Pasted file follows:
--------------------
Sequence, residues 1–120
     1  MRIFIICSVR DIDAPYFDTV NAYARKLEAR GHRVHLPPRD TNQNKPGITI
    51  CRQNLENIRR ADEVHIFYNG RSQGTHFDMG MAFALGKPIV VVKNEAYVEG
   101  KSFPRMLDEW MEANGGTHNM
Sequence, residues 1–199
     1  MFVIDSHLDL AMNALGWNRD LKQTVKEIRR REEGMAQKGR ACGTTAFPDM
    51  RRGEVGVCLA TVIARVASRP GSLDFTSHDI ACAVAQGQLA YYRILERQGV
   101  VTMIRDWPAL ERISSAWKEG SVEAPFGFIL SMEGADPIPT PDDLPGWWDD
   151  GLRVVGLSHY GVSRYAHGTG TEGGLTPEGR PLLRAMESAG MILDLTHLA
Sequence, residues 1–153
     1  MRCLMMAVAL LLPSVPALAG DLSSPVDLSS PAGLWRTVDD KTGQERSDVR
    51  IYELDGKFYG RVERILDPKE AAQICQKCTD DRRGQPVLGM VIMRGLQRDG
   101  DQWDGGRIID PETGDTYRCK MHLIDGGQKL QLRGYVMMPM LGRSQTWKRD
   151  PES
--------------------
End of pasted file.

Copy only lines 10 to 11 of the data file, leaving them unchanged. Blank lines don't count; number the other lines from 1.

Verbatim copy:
Sequence, residues 1–153
     1  MRCLMMAVAL LLPSVPALAG DLSSPVDLSS PAGLWRTVDD KTGQERSDVR